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BEFORE proceeding to detail the part taken by Mr. Polk and Congress, on the receipt of Taylor's announcement that hostilities had commenced, we will call the attention of the reader to the early and provident measures devised to secure, as speedily as possible, the object of these hogtilities, the ACQUISITION OF CALIFORNIA. On the 24th June, 1845, by order of Mr. Polk,“ secret and confidential" instructions were given to Commodore Sloat, commanding the United States naval forces in the Pacific. “ If you ascertain with certainty that Mexico has declared war against the United States, you will at once possess your. self of the port of Saint Francisco, and blockade and occupy such other ports as your force may permit."* This naval force consisted of five vessels, and for months it was kept on the California coast, ready to make the coveted prize at a moment's warning, and without waiting for advices from home. The Commodore with his own and another vessel were waiting at Mazatlan, at the entrance of the Gulf of California, two more were stationed off Monterey, and the fifth was at St. Francisco. So admirably had all been arranged for an immediate conquest. On the 7th June, and of course within less than four weeks after the declaration of war by Congress, the Commodore heard of Taylor's conflicts on the Rio Grande. The long expected moment had arrived, and the next day he weighed anchor and sailed for Monterey. On the 7th July, that place was once more, without resistance, seized by our forces, and Sloat, like his predecessor, Jones, forth with distributed his proclamations in English and Spanish, Where or when they were prepared, and whether they were in manuscript or print, does not appear. Two days after, St. Francisco was likewise in our possession. Sloat's proclamation reflected the determination of his employers

* See documents submitted by the President, in obedience to a call from the House of Representatives, for instructions to officers in California and the Pacific, communicated Dec. 22d, 1846. App. to Cong. Globe, 2 Bess. 29 Cong., page 45.

-Henceforward California will be a portion of the United States.

On landing at Monterey, the Commodore addressed a general order to his men in which he told them, “ It is not only our duty to take California, but to preserve it afterwards as a part of the United States, at all hazards. * It is the duty of commanders to make conquests, but not to anticipate the terms of a treaty of peace.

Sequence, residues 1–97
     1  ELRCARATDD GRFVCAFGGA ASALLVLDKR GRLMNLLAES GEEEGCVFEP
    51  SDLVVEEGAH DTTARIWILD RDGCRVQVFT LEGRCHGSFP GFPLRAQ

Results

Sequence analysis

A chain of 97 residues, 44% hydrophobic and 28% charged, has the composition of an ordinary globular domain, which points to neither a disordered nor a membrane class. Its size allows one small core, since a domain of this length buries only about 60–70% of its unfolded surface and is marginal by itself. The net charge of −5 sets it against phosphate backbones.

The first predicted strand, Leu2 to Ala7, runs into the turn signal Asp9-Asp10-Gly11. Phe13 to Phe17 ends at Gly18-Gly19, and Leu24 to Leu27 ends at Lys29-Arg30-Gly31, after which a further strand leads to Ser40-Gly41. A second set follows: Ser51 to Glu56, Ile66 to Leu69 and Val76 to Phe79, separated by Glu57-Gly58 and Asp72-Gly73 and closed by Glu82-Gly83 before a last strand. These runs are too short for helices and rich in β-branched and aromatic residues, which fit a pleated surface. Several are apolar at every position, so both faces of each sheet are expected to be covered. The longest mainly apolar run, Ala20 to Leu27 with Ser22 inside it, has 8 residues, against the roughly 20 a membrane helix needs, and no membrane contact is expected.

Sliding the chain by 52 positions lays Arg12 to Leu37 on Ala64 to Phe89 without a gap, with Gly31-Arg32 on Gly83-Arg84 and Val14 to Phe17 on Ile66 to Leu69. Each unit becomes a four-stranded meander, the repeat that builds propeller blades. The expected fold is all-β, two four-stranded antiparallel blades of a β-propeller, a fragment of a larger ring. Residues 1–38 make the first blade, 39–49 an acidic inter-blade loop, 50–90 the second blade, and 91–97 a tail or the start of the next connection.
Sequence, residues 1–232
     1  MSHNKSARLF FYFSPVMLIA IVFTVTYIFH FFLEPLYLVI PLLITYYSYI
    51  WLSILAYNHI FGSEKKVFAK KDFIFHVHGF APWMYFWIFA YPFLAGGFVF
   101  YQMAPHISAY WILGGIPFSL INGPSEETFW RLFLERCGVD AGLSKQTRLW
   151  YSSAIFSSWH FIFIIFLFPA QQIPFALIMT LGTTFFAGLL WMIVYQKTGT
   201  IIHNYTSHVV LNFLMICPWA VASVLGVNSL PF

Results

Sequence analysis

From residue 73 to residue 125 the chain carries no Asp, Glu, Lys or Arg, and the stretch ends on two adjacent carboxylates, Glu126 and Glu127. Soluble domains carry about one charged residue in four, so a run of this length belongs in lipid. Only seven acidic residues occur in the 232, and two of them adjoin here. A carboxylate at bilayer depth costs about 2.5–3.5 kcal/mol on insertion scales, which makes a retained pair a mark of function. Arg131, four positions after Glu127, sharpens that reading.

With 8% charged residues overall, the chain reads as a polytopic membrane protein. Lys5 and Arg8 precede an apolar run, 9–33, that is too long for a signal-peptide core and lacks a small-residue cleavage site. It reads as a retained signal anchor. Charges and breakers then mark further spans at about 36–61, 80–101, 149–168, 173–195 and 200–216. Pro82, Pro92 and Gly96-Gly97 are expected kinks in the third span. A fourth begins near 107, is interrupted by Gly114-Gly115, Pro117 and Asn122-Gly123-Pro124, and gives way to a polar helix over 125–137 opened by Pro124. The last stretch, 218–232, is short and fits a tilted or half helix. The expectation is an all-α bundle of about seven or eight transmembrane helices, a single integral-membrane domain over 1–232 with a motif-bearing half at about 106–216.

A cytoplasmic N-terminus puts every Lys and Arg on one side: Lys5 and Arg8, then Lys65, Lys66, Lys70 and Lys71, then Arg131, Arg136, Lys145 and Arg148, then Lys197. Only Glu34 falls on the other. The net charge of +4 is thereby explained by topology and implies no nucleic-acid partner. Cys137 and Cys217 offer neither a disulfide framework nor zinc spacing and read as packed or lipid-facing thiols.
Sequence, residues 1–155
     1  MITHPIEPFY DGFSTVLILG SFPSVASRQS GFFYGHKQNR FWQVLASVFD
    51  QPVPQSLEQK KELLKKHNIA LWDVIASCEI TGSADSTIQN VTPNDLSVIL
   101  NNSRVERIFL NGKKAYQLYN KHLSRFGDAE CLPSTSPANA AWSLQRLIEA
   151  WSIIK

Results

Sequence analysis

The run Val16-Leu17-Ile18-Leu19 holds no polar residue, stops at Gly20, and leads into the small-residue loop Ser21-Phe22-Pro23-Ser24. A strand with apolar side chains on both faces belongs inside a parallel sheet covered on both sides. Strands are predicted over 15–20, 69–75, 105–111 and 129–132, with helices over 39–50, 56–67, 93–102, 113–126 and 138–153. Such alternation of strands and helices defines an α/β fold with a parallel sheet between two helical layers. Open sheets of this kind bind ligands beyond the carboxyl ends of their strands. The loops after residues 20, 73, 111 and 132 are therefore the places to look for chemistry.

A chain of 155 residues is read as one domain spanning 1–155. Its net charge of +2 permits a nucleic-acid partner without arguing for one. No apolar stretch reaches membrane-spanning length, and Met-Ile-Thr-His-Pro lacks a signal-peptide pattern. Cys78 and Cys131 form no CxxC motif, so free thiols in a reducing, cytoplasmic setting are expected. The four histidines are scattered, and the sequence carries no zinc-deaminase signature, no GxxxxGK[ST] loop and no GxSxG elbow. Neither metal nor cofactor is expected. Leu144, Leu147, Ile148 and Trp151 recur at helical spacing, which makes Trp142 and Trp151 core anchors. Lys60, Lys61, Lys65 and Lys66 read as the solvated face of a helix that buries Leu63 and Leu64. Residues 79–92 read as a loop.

Yet here we find a naval captain solemnly proclaiming that the conquest he has made is never to be restored. He foresees and proclaims the annexation of California, without apparently knowing the wishes and intentions of his own gov... ernment, or without speculating on the fortunes of war. On the 13th August, Pueblos des los Angelos, the capital of the province was taken, and on the 17th August, Commodore Stockton, who had succeeded Sloat, and who styled himself Commander-in-Chief and Governor of the Territory of California," announced in a proclamation,

The flag of the United States is now flying from every commanding position in the Territory, and California is entirely free from Mexican dominion. The territory of California now belongs to the United States.” On the

* For the documents here quoted, see Ex. Doo. 29 Cong, Sess. House of Rep., No. 4.

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28th of the same month, he wrote home, “ this rich and beautiful country belongs to the United States, and is FOR EVER free from Mexican dominion.” All this, it must be admitted, was quick work. On the 7th July, Monterey was taken, and in six weeks the object of the war was accomplished, the rich and beautiful country belonged to the United States.” Not a life appears to have been lost in the conquest. The Mexican government had made no declaration of war, and its whole attention was grossed by the defence of its territory on the Rio Grande. The inhabitants of California were utterly unprepared for war, and were as ignorant as Commodore Sloat himself of the action of Congress.